Food is a human right, pardon for stating the obvious. I state that obvious fact, however, because that access to food, especially in the 21st century, has connections to factors beyond individual control. Suzanne Crocker confronts that truth in her documentary First We Eat, when a road blockage within the Tr’ondek Hwech’in settlement of Dawson City made her decide to only eat local food and make food out of raw materials that she can only find within the settlement. Part of that decision involves filming that journey and convincing her reluctant family to join her at least for a year. That journey then, is part her family making jokes about what they’re doing to compensate for the shortage of salt in their diets. There’s also her making food for herself and her family.
Some of the film’s parts include portraits and still lives of Crocker’s domestic life i.e. crisp digital videography of her dog and cat. Others include the documentation of both European and Indigenous people farming the settlement. She also takes time to capture members of her family, like her husband Gerard and adult son Sam. They weight the hundred of pounds of produce which comprise their sugar intake. There’s something that hits personal as she captures her family help her in a cause they might not have believed in. I write this as someone who feels like I never lifted enough fingers for my mother when she was alive. Gerard and Sam are willing to, again, lift hundreds of pounds for her. There’s also something about these images that add a proletarian touch to a project that feels bougie.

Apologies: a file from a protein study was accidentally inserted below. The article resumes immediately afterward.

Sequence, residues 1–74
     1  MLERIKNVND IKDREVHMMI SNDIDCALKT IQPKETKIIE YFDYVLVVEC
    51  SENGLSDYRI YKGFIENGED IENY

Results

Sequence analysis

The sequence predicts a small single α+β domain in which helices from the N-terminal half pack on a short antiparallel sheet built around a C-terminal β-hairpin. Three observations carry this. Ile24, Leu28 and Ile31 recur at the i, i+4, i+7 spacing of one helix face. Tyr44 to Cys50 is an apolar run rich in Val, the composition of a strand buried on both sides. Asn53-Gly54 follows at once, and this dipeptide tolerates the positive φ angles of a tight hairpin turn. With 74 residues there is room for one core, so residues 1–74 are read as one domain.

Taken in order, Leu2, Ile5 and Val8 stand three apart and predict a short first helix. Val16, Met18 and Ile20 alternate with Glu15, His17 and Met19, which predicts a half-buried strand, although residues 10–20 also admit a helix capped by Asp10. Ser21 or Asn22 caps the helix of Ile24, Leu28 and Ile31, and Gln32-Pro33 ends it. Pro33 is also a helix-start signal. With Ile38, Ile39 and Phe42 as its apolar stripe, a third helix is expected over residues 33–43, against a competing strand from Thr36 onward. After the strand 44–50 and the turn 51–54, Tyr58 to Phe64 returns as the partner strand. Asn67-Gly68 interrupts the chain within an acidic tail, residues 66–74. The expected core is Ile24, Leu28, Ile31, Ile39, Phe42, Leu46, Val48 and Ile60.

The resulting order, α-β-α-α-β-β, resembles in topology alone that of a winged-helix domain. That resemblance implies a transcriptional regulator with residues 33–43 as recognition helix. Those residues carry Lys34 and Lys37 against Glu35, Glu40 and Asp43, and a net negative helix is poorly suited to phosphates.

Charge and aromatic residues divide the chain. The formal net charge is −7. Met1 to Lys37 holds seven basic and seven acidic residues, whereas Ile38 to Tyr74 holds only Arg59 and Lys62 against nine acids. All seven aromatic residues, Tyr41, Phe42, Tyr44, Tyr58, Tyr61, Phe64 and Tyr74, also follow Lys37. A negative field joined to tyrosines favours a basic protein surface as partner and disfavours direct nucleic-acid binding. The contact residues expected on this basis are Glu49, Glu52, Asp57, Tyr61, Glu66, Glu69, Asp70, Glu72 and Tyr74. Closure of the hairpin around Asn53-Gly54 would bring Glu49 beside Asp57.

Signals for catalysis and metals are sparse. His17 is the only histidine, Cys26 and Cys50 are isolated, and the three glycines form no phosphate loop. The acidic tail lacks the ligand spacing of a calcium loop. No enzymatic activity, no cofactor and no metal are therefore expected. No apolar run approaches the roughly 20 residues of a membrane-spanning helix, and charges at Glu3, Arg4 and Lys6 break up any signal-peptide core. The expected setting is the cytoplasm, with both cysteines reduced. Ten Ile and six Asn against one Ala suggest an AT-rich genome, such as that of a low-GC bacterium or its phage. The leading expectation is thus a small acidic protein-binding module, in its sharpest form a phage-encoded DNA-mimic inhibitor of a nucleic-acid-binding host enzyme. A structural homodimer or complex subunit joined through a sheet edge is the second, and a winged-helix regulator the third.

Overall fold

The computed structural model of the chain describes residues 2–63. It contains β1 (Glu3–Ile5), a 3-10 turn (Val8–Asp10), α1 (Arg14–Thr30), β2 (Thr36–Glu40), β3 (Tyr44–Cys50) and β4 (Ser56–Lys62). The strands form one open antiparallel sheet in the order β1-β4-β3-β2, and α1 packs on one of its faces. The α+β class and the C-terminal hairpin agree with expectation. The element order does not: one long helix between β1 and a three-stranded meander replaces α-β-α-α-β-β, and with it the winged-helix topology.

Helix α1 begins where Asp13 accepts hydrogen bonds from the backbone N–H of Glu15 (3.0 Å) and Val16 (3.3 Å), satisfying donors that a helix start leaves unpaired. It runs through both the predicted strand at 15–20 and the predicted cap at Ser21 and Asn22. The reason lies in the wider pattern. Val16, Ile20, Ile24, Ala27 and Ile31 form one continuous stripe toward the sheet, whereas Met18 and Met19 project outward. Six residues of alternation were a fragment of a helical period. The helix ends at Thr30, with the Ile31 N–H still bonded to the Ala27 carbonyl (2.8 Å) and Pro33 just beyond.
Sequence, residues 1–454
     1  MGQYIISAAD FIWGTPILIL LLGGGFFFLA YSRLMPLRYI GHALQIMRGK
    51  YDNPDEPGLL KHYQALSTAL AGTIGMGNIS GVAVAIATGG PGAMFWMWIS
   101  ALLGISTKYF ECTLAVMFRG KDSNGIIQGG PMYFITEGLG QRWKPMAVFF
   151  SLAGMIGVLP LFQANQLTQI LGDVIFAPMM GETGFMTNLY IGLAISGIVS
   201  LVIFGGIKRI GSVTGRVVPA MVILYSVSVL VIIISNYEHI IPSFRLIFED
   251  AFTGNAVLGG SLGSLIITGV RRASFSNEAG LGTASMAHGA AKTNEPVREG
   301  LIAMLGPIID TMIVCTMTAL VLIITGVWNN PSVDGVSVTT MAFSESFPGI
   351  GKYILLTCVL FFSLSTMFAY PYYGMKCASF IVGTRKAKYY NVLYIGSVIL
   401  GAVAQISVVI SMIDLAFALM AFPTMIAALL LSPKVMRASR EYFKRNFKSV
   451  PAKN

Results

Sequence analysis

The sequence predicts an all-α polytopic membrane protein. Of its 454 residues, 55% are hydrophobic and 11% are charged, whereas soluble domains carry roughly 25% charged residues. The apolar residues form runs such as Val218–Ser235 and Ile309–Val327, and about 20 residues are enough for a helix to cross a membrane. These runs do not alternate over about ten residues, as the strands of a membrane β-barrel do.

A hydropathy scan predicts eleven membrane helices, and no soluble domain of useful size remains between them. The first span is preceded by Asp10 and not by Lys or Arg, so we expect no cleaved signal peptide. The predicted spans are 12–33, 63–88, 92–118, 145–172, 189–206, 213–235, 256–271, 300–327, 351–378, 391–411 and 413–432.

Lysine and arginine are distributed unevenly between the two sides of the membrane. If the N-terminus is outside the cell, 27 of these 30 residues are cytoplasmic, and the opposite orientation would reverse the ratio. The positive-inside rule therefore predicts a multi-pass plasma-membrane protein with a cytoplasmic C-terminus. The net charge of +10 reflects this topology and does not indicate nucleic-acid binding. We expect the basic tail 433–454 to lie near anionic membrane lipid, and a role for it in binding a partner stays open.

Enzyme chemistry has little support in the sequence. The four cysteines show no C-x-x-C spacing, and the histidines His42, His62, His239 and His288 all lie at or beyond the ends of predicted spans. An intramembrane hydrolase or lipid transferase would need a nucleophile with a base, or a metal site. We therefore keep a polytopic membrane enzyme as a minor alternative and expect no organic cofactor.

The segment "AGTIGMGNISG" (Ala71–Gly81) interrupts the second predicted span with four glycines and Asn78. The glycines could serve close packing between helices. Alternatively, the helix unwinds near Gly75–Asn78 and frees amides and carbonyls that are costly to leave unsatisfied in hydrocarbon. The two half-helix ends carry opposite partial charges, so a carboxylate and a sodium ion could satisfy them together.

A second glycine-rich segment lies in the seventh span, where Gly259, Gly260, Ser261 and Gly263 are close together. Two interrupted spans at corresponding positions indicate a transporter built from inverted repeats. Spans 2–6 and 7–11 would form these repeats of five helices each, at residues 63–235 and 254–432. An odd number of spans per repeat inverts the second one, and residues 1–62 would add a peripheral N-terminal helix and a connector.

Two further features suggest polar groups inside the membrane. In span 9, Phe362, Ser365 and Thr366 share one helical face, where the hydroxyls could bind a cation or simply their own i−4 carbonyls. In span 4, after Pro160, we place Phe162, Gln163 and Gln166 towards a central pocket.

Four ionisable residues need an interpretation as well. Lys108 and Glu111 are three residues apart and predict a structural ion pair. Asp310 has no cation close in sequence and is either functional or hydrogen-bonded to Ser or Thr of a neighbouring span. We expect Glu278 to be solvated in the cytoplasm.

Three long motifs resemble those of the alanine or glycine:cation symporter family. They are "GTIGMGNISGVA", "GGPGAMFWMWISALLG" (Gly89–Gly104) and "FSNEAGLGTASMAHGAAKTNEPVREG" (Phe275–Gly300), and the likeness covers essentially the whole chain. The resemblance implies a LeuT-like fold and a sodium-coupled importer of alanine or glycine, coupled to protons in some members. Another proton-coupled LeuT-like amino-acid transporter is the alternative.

Most of the time, Crocker imbues a sense of love into her camera work. Love for her family, the animals she’s getting her nutrients from. Love for nature feeling the effects of climate change, change that she and her children must eventually adapt to. There are, however, some scenes which don’t necessarily undermine that love but are enough to cock my head a little. Some scenes involve her plopping food down her dinner table. She then lets her famly make a few guesses before learning the strange and sometimes gross source of such nutrition. In short, there’s a part of this that feels like she’s punk-ing her kids and getting that reaction out of them.
There are also a few instances that make it feel like this family live the same lives before and after the switch to local. It’s interesting to watch Crocker’s dynamic with Gerard specifically. Earlier on, she explains that the kitchen was his domain. She takes over for him because of the switch. There are moments where he takes the kitchen back and cook something that probably tastes good. But his presentation is, in polite words, more than lacking. The food on both stages of this family’s life adds an authenticity to the film. It also encapsulates its methods. It deals with macro issues like climate change and food sustainability and adds a micro, personal touch to it.
First We Eat is available on demand.